Goodbye Miami


October 2017 Fort Lauderdale – Tooling down the A1A.

 

Bloomberg recently published a news story about a business man in southern Florida named Ross Hancock who was having bad luck coping with the area’s high tide flood problems. Florida State officials pooh-pooh the idea that climate change exits – in fact, Governor Rick Scott’s administration will fire any state worker who even uses the phrase. Yet, the ocean levels around Florida mysteriously have risen year after year – some say pretty much as predicted by those climate changer fake news people – which leads to localized flooding once a month when a king tide hits. King tides happen during those couple of days each month when there is a full moon.


“I’ve not been convinced that there’s any man-made climate change,” Governor Rick Scott

Even though Governor Scott said it couldn’t happen, Ross lived in an area of Coral Gables that flooded each time of the month a full moon came out. The city’s response was to start raising the levels of the streets by a foot to keep the cars dry as well as to construct a high powered storm sewer system that would blow water back into the ocean (up hill!!). Ross’s decided it was time to sell his house which he did four years ago.

Ross moved his family into a high rise condo on Key Biscayne. Key Biscayne is one of the higher patches of land in Miami; Ross figured he was safer here than anywhere else. But ‘high ground’ is relative in Miami where the average variance between sea level and land four miles inland is less than three feet. So in August, when Irma hit, the Key Biscayne shoreline was turned into a swimming pool for miles around. Ross’s condo was high enough to be undamaged but the condo building’s power systems, elevators and parking lots were heavily damaged. His share of the cost to fix things came out to be around $60K. Once the damage is repaired, Ross plans to move again – to really higher ground, 10s of miles north of southern Florida and the coast.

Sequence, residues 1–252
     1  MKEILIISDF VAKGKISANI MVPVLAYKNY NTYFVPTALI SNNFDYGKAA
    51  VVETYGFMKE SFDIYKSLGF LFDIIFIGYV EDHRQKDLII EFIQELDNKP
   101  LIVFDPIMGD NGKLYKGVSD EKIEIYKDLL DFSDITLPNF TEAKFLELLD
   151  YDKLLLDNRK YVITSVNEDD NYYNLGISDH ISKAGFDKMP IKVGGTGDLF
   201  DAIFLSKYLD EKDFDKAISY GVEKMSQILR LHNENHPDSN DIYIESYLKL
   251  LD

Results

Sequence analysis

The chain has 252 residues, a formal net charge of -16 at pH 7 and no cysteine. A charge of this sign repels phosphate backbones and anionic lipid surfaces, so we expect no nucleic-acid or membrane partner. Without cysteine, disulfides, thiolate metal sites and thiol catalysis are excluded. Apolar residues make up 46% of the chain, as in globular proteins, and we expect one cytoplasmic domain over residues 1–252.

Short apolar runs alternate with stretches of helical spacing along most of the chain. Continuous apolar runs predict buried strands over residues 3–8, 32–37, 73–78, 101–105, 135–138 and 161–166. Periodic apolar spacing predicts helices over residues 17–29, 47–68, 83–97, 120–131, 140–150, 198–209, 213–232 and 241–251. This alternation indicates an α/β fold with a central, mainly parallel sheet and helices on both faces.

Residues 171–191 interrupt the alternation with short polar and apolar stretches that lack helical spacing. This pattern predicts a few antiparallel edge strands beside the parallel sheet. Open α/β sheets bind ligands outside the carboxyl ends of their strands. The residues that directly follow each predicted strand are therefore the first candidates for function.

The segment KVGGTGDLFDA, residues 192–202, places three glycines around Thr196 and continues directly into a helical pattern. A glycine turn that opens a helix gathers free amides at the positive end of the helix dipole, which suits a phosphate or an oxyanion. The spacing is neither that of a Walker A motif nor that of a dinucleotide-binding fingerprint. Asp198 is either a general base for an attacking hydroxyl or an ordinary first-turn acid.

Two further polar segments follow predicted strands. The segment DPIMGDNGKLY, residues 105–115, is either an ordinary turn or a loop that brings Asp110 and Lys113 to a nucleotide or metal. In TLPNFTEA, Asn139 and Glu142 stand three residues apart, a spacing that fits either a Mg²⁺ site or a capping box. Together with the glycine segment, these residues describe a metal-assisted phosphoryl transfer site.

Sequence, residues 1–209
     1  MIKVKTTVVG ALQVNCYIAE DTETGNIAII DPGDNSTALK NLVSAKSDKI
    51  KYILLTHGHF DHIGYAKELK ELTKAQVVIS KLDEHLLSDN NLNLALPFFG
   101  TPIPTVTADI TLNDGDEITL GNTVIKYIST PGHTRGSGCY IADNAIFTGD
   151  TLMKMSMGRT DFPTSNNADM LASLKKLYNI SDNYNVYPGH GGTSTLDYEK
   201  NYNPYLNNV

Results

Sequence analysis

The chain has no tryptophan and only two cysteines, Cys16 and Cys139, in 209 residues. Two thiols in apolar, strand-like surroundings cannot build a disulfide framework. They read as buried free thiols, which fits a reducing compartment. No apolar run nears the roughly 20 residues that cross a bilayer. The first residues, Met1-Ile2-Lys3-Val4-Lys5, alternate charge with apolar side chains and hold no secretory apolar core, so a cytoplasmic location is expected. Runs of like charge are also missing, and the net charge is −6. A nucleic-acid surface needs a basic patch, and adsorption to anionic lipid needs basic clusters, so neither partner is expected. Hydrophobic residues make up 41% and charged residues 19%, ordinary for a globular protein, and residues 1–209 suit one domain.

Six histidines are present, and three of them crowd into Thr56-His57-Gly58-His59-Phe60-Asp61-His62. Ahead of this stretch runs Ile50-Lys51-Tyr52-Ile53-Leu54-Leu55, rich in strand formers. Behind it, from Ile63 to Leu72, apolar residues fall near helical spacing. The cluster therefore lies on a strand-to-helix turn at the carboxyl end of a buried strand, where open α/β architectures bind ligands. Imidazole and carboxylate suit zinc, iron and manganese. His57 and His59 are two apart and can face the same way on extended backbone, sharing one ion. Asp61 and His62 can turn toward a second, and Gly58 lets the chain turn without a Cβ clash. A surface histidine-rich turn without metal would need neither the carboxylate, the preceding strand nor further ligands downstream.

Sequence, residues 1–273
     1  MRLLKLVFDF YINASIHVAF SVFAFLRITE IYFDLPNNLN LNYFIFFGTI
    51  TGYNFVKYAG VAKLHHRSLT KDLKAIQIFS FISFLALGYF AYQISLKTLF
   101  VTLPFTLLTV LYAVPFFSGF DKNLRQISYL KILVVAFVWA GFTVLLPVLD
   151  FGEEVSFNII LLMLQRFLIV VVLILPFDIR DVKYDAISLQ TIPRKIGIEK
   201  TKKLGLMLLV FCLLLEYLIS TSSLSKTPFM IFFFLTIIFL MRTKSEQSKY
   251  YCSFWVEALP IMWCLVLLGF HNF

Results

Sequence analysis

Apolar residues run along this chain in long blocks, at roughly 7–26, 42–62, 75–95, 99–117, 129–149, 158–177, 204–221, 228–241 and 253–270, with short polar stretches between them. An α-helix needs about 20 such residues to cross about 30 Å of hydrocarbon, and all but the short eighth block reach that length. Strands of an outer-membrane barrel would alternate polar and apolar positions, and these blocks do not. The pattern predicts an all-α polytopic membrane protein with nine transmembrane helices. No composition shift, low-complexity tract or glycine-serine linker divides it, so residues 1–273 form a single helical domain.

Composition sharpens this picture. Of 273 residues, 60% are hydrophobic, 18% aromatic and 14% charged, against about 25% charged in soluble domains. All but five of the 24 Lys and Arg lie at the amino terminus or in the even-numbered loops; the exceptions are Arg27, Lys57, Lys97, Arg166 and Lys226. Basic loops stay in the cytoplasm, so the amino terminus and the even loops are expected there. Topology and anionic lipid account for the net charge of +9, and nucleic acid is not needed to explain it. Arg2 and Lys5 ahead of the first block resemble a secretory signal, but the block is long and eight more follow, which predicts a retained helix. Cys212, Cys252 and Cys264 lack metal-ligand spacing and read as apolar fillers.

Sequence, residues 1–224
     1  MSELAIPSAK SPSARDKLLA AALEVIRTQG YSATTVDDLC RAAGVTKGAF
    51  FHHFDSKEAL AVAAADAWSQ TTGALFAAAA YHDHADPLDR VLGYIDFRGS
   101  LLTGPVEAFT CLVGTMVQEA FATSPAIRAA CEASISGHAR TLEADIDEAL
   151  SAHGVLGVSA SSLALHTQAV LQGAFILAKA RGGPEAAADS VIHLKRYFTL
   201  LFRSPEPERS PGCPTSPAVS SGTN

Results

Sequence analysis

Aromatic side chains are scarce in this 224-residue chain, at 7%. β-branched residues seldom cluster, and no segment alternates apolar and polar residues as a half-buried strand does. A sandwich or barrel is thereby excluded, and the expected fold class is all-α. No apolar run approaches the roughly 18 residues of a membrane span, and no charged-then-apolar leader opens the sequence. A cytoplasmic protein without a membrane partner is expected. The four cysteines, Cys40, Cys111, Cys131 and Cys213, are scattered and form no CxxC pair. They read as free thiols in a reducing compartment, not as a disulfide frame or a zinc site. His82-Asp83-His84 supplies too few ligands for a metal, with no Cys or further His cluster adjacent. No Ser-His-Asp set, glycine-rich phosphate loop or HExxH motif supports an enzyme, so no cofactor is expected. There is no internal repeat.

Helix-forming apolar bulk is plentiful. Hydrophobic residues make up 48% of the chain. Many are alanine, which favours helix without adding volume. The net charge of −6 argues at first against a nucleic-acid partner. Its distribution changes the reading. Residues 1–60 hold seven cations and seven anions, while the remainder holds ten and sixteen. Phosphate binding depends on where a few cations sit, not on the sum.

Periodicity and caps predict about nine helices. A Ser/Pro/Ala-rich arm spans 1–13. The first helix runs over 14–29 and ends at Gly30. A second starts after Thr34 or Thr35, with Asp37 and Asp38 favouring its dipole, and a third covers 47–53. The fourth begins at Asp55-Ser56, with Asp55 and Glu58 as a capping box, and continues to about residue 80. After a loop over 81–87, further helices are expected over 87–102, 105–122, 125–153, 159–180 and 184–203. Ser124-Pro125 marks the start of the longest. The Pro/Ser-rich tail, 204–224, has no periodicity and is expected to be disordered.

Fake Data from the Corp of Engineers and the Weather Service.

Florida has always been run by land sharks and swindlers looking to sell swamp land to the idiots. Of course climate change doesn’t exist. Talk to any real estate agent about buying a property in Miami, and not one will say a word about tidal flooding. If you bring it up, they say the probability of it happening to ‘this property’ (this property being any property you name) is negligible and besides, everyone has cheap flood insurance and you know those insurance companies wouldn’t sell cheap flood insurance if there were actual floods, wink-wink, poke-poke. The industry’s state wide trade group, Florida Real Estate, tows the governor’s line – nope, we got no climate change goin’ on down here. Nope. Nope.

What the real estate agents don’t tell you is that flood insurance availability is mandated by the state legislature in order for insurers to do business in Florida. That state underwrites catastrophic losses which they have historically covered through disaster relief grants from the Federal government. At the end of the day, the insurers make money, the State doesn’t ante up a nickel and the real estate industry thrives.

But all of this is bound to unravel and likely pretty soon. Irma caused over 190 billions in damage. U.S. Taxpayers will cover most of that but it is likely insurers are going take some hits. The insurers are in with the swindlers but they don’t believe the swindler’s pitch. They know the oceans are warming, the seas are rising and that cyclic violent weather is one result. Irma was not a once in a lifetime thing – Irma is what the new normal looks like. Insurers are going to raise their rates. What the property owners don’t pay, taxpayers will. At some point, someone will say ouch.

Zillow says in 30 years, 200,000 homes in the Miami area will be underwater (not flooded, under). Talk about trying to get a 30 year mortgage on those guys. The number goes up to half a million by 2090. Yea it seems a long time from now but wait one generation – when your young toddlers are looking for their first house – well there are going to be some awesome deals around for nice beach front properties that they can buy and then just discard in ten years.


Raising Fthe highways two feet in Miami Beach.

Coral Gables figures they can avoid things for a while by raising the roads and pumping water back into the ocean faster than it can flow in. Miami is doing the same thing. The mayor of Miami Beach is proposing 400 million dollar levy to get homeowners to pony up the money. It’s that or just sit there and watch you house float away. The mayor will likely get his money.

It is not hard to see how the real estate market in sourthern Florida is about ready to tank big time. Insurance rates will sky rocket over the next five years, property taxes will jump to pay for new highways, big pumps and flood walls, and the ocean will inevitably creep higher and higher each year reclaiming a yard of shore here, a couple feet there. Each year, every year. And it will happen real quietly because everyone in charge loses if people start to decide to move out in groves.

Ross Hancock is a smart dude. He expects to take a loss when he sells the condo. But a lot of people believe the swindle and one of them will buy it. His realtor told him so.

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